Ben Curtis can’t pick his schedule like the old days. The former British Open champion, whose status has sunk near the lowest on the PGA Tour, now waits for the phone to ring to find out whether tournaments can squeeze him in.
Article continues below ...
But heading into the weekend, at least, he’s back in control.
Wrapping up his second round at the Texas Open just before a two-hour storm delay left behind a stiff wind that protected the early leaders, Curtis shot another bogey-free 5-under 67 on Friday to finish at 10 under. He was two strokes ahead of David Mathis and three in front of Cameron Triangle and Matt Every.
Mathis matched Curtis with a 67, Triangle had a 65, and Every was poised to inch even closer before darkness suspended play. He’ll line up for an 11-foot birdie chance on the par-4 17th when second-round play resumes Saturday.
Blake Adams (69), Ryan Palmer (69) and Hunter Haas (74) were tied for fifth at 4 under.
”We’ll see how it goes over the weekend,” Curtis said. ”When you’re not playing the schedule that you want, you don’t have it all laid out in front of you before the year starts, you’re kind of playing when you can. It’s hard.”
In his first time playing TPC San Antonio, Curtis has looked right at home after starting the year in Dubai and hopping around on the European Tour. The Texas Open is just his fourth PGA Tour stop because of his low conditional status following a miserable 2011, when he didn’t muster a top-10 finish for the first time since joining the tour in 2003.
That’s the year Curtis came out of nowhere to win at the British Open. He racked up two more tour victories in 2006 but hasn’t won since, and his 149th ranking on the money list last year was a career-worst. The slump, Curtis said, has left him not only trying to repair his game but also his mindset.
No longer able to pick and choose where he plays, Curtis described simply being ”ready to go” if his phone rings the week before a tournament. He said he tries to focus on the 12 to 15 starts he expects to make this year rather than dwell on his place near the bottom rung of the tour.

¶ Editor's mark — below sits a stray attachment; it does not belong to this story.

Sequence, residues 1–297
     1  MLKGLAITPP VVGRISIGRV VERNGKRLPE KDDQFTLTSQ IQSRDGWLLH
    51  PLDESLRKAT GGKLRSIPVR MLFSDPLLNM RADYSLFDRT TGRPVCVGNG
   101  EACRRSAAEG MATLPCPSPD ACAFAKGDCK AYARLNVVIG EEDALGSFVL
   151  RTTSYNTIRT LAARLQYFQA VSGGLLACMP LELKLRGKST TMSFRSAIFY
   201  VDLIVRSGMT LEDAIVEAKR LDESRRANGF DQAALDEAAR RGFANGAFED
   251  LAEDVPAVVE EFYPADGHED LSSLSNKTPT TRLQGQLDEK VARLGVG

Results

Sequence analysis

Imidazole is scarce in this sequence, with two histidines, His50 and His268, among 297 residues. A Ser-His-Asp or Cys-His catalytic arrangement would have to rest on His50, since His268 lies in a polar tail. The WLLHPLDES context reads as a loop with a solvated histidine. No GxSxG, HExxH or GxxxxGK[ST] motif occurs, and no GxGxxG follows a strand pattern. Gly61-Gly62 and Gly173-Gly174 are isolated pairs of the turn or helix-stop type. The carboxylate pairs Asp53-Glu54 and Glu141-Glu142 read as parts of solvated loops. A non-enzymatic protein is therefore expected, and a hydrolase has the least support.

The 36-hole lead is his first since the Arnold Palmer Invitational in 2010.
”Everybody knows me, know that I don’t stress about much,” Curtis said. ”If you see me stressing it’s probably over nothing, too. I usually sweat the small stuff, and the big stuff, I don’t really worry about.”
Triangle and Scott Piercy, who started the day 4 over, vaulted back into contention with their 65s. Triangle began a bogey-free round with birdies on five of his first six holes, using his irons on the fairway to setup four putts from 4 feet or closer.
”There was no wind this morning and it was a little softer,” said Triangle, who finished eighth at the Houston Open earlier this month. ”So you could be a little more aggressive to the pins.”
The afternoon group wasn’t so lucky. A still morning gave way to 20-mph gusts delivered by a passing storm cell, freezing the leaderboard and raising the projected cut line to 4 over. Troy Matteson tumbled hardest, slipping from fourth to potentially out after an 81 summed up by a quadruple-bogey on the par-5 14th.
A dozen players shot in the 60s before play was suspended. After play resumed, no one cracked 70.
Twenty-five players will finish the second round Saturday. Among those near the top is Fred Lickliter II, who was 3 under and tied for eighth with one hole left to play.
Matt Kuchar, the tournament’s top-ranked player at No. 15, faded to 2 over after bogeying four on the back end. Diego Velasquez had a hole-in-one on the par-3 13th and finished at 4 over.